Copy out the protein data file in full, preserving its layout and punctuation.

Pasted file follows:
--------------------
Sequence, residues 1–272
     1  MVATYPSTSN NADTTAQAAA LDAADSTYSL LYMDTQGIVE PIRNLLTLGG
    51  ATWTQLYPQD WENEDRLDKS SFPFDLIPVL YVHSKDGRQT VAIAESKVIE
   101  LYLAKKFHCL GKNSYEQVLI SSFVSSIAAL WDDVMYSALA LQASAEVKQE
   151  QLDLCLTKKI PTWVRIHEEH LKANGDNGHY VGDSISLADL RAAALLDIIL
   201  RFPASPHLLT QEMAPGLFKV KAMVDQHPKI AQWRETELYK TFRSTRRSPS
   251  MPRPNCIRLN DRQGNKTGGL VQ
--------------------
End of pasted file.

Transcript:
Sequence, residues 1–272
     1  MVATYPSTSN NADTTAQAAA LDAADSTYSL LYMDTQGIVE PIRNLLTLGG
    51  ATWTQLYPQD WENEDRLDKS SFPFDLIPVL YVHSKDGRQT VAIAESKVIE
   101  LYLAKKFHCL GKNSYEQVLI SSFVSSIAAL WDDVMYSALA LQASAEVKQE
   151  QLDLCLTKKI PTWVRIHEEH LKANGDNGHY VGDSISLADL RAAALLDIIL
   201  RFPASPHLLT QEMAPGLFKV KAMVDQHPKI AQWRETELYK TFRSTRRSPS
   251  MPRPNCIRLN DRQGNKTGGL VQ